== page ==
“When (House Speaker) Nancy Pelosi took over Congress last year, she said she would fix the energy crisis,” the Johnson City Republican said. “Oil was $56 a barrel the day she took over as speaker of the House. It’s now $102 a barrel ... to about $1.50 (per gallon) of gas up to over $3 for gas. That’s not where the American people want to go.”
Davis made those comments during a taping of “Legislative Chat,” a public affairs program produced for public television by East Tennessee State University.
Davis said he voted against the latest energy proposal to come before the House because it contained billions of dollars in tax increases on American oil companies.
“I’ve never known a business to actually pay a tax. Businesses take taxes and fees and pass them on to their customer. ... The same thing is going to happen to energy,” he said.
Davis reiterated his contention that America needs energy legislation to reward those who partake in alternative energy practices and allows the United States to drill for oil on American soil.
“(Pelosi) has blocked energy drilling in (the Alaskan Wildlife Refuge), basically doing away with clean coal technology and basically doing away with the advance of nuclear energy,” he said. “Those are the things that make us competitive globally. ... Heritage (Foundation) said the current energy bill would move gas from $3 a gallon to $5 a gallon. ... (Democrats) believe you can tax and spend yourself into prosperity, and it can’t be done. ... China is going from bicycles to cars, and America is going from cars to bicycles if you follow the logic that is coming out of the leadership in Washington, and that’s not where we need to go.”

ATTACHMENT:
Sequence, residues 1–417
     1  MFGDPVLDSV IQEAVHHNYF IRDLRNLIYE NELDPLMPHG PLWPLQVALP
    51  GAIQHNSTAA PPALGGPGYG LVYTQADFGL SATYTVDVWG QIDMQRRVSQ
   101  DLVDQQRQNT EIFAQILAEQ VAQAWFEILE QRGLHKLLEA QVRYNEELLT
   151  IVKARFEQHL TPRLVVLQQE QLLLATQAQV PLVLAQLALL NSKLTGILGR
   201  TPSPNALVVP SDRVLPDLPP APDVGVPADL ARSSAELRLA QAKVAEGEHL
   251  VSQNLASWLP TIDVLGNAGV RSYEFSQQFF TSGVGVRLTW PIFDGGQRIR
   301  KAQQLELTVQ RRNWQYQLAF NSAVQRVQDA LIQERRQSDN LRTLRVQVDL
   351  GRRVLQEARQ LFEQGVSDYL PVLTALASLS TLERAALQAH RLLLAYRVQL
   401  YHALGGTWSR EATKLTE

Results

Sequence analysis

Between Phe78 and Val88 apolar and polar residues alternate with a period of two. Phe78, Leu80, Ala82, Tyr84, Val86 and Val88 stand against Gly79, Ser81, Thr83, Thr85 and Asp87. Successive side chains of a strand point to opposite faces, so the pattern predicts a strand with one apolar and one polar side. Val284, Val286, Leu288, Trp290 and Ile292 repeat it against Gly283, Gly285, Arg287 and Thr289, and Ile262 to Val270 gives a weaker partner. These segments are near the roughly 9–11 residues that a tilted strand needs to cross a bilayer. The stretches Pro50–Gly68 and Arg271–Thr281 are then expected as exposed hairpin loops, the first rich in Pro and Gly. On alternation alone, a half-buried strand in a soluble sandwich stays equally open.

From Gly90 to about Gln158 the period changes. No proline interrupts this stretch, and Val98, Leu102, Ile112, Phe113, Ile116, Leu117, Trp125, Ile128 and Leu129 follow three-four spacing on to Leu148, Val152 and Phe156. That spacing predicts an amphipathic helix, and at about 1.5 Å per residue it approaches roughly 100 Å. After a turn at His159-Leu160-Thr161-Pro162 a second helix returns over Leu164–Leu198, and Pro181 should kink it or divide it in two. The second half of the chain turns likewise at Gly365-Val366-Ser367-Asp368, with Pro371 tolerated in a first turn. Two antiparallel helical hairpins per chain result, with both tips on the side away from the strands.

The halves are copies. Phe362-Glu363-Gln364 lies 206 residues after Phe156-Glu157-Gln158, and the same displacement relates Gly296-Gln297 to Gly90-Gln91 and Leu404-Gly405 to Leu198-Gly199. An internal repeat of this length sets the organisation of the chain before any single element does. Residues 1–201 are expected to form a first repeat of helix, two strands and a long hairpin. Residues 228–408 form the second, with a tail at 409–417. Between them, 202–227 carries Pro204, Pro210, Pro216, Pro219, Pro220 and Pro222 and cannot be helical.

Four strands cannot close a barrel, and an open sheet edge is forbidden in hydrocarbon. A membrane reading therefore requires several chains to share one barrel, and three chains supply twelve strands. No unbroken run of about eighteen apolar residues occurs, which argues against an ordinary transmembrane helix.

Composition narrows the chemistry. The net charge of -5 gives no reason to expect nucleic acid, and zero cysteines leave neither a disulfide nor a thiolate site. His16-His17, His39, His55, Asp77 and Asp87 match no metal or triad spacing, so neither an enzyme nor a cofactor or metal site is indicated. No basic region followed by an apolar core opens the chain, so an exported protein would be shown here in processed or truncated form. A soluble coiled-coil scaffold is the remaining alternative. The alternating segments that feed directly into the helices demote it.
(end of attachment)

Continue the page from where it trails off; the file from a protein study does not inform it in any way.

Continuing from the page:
When asked how he has worked with House Democrats on a bipartisan basis, Davis cited the recently passed economic stimulus package as an example.
“That had some good leadership in it from Speaker Pelosi and President Bush,” he said of the package. “When people get those (tax rebates from the package), I hope they go out and buy some American products.”
When asked about his policy toward congressional earmarks — costly items slipped into pieces of legislation by lawmakers — Davis said part of his job is to bring as much federal money back to the district as possible.
“There are members of Congress who try to bring money back for a rain forest in Iowa or a hippie museum in New York or a road to nowhere in Alaska. That’s what the American people are upset about,” he responded.
Davis also pledged to compete hard for his re-election against his primary opponent, Johnson City Mayor Phil Roe.
“I won Washington County last time (in 2006),” Davis said. “My opponent is from Washington County, and I think I will win Washington County again. ... I think I will win the election again. I will do the things it takes to win.”
Davis’ appearance on “Legislative Chat” can be seen Sunday, March 9, at 11 p.m. on WETP-TV, Channel 2 or WKOP-TV, Channel 15.